All posts tagged: Genocide

National Trauma, Collective Memory & Recovery: Vietnam & Cambodia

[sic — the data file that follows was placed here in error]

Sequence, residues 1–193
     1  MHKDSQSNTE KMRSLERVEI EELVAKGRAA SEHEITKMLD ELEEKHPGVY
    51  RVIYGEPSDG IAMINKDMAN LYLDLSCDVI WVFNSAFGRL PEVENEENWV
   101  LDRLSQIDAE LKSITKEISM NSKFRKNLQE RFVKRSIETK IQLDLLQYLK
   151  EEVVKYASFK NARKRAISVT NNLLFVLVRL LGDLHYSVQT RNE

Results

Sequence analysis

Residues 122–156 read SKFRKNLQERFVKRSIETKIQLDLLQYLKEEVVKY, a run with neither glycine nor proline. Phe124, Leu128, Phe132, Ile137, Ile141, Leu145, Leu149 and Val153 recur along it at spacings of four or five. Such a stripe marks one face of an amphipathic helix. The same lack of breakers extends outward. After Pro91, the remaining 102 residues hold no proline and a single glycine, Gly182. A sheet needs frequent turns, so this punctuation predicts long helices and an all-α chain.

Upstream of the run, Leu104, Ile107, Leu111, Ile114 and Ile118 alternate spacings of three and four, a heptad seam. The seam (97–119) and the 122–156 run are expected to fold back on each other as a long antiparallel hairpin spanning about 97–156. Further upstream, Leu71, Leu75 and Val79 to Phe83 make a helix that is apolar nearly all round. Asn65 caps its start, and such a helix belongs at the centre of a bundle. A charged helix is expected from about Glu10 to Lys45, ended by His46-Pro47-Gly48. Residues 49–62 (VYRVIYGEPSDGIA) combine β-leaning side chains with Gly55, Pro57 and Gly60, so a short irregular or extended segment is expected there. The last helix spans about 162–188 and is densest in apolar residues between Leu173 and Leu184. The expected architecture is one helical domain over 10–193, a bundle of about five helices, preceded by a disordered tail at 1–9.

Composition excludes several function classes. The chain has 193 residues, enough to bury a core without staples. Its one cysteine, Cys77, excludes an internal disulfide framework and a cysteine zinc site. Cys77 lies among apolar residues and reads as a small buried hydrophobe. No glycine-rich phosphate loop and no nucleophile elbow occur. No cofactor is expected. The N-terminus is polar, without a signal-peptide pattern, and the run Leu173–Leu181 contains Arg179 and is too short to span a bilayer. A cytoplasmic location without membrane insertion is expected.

Vietnam and Cambodia are two beautiful and fascinating countries to visit. I was greatly intrigued by the recent violent histories of both countries and how the path to recovery seems to have led Vietnam and Cambodia in very different directions. Politically and economically, these ¬†differences are glaringly apparent- Vietnam technically remains a communist country and is an Asian economic powerhouse; Cambodia has a complicated, ostensibly democratic though often corrupt government with an economy which has failed to match that of its neighbours. But even for the most casual visitor, uninterested in politics or economics, the differences and the impact they’ve had on the national psyche are clear to see. Here, I look at how Vietnam and Cambodia’s recovery from national trauma can be interpreted through one particular lens- that of their attitude and view of foreigners and tourists. The first surprise I had in Vietnam was the abruptness and at times, downright unfriendliness, of the people. As someone who’s enjoyed many a good bowl of pho on London’s Kinsland Road, I was expecting the same …